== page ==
As BBC’s Nicholas Watt explained, he “is interested in a so-called ‘Canada Plus’ free trade agreement with the EU. Theresa May rejected this option because the EU would only ever offer this to Great Britain (England, Scotland and Wales) and not to the United Kingdom as a whole. This is because the EU has insisted that Northern Ireland would have to remain closely aligned to the EU to avoid a hard border.”
He wrote that “Theresa May rejected a ‘Northern Ireland only backstop’ in favor of a model that applied more widely to the UK. Northern Ireland would remain strongly within the EU’s orbit while Great Britain would be tied closely — though not wholly — to Northern Ireland.”
Brexit supporters said that would amount to “Brexit in name only.”
Paste Magazine explained how complicated the connections are between the United Kingdom and the European Union: “Even if Europe wanted Britain to leave, there are massive lists of rules and regulations and border disputes to be worked out, and these cannot be hashed out in a month. To give a short list of obstacles: rules concerning the movement of capital. The traffic of goods, including food. The movement of EU citizens, including immigrants. The border with Ireland. Huge numbers of subsidies which will have to be removed. Pick any part of British modern life, and Brexit will shred it.”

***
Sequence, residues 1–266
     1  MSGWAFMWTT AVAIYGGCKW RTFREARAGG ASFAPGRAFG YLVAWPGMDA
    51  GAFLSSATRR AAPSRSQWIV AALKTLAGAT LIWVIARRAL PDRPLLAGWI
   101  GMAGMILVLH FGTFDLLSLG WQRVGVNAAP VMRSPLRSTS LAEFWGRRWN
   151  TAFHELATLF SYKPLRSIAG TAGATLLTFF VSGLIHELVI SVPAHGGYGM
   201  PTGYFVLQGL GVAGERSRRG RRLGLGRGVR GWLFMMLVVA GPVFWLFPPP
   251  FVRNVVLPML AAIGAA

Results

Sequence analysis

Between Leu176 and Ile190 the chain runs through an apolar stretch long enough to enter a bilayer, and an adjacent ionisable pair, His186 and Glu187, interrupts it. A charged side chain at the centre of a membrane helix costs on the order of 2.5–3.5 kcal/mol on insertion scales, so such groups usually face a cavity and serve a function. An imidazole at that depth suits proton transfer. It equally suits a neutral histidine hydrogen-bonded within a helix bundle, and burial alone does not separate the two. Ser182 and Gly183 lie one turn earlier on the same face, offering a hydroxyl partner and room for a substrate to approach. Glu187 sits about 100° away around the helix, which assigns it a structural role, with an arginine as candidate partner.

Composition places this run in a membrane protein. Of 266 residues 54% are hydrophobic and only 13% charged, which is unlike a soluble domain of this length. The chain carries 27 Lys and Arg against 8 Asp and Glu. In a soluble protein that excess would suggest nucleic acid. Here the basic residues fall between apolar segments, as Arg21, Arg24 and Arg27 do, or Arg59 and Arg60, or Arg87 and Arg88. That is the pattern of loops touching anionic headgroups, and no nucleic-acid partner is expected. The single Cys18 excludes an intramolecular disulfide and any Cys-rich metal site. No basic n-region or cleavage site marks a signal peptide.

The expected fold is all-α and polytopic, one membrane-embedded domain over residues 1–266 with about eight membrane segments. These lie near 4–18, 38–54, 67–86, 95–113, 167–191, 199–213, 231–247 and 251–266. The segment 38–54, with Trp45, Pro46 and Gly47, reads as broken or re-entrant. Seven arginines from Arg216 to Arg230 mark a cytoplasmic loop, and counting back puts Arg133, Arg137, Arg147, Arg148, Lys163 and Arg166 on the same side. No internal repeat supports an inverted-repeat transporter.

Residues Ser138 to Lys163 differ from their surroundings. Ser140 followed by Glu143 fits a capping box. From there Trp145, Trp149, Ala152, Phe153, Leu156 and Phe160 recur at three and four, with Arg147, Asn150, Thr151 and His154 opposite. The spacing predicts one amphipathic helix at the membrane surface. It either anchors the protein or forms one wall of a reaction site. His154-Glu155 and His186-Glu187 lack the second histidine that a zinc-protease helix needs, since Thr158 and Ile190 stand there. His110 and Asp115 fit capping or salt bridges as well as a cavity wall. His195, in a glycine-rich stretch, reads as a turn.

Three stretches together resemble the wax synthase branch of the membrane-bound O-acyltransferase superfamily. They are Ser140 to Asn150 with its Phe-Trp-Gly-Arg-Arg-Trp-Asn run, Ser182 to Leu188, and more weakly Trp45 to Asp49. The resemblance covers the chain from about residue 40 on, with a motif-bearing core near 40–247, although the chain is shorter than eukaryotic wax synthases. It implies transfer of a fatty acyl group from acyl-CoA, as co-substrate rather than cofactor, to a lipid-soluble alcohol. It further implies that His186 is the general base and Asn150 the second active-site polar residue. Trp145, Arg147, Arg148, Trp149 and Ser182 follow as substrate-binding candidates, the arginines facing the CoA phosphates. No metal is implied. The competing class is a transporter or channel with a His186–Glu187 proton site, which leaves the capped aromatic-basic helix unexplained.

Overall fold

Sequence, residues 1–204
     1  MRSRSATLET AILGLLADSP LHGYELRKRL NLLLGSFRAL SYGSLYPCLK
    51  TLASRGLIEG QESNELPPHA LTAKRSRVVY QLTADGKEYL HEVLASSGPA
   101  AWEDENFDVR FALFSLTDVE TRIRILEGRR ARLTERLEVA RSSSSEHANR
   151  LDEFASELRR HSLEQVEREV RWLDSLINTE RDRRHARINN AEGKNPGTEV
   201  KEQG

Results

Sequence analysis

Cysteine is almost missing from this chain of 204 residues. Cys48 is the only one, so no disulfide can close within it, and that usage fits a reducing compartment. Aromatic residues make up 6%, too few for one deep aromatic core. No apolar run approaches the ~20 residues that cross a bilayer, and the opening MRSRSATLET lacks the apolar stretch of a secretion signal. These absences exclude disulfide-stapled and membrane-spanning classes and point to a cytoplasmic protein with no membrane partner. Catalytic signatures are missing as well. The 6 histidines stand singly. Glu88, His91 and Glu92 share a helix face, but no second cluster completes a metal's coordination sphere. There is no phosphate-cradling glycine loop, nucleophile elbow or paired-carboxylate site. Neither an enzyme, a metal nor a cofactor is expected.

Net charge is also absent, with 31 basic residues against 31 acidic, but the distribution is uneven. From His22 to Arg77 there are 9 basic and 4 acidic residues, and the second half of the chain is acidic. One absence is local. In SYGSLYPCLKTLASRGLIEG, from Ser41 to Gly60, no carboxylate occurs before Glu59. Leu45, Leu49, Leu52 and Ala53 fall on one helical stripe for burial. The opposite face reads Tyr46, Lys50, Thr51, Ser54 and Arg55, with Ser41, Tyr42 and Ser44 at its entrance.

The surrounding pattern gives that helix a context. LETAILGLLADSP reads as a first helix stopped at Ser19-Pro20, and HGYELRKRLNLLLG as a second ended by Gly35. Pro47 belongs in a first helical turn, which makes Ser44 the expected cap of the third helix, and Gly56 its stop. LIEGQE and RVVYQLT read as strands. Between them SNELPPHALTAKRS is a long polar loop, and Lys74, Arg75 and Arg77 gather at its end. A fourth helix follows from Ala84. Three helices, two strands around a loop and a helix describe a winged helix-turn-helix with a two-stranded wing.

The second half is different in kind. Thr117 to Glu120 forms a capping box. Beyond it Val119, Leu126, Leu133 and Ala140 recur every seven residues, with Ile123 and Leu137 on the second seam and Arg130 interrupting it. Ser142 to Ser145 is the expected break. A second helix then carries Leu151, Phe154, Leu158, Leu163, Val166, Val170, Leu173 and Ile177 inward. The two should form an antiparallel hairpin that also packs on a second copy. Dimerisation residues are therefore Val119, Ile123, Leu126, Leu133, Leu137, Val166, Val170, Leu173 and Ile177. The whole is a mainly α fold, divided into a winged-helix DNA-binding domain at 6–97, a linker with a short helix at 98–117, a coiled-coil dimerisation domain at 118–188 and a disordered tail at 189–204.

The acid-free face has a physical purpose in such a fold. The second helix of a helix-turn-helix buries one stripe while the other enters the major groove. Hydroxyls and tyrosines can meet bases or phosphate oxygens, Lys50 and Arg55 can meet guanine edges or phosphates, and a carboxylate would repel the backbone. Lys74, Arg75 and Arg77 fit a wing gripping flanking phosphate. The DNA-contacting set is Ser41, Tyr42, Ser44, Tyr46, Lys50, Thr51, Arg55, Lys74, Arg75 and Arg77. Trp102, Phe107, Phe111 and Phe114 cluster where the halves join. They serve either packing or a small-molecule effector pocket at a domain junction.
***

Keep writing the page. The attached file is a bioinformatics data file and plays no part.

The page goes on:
Last week, UK lawmakers passed legislation that would require Johnson to seek another extension from the European Union, delaying the divorce until at its earliest January of 2020, unless a deal is made by Oct. 19 to guide “an orderly exit.” Monday, Queen Elizabeth gave the new law “royal assent.”
Johnson retaliated by expelling 21 Parliament members from his Conservative Party after they defied him and voted for the no-deal extension measure. Even Winston Churchill’s grandson got the boot.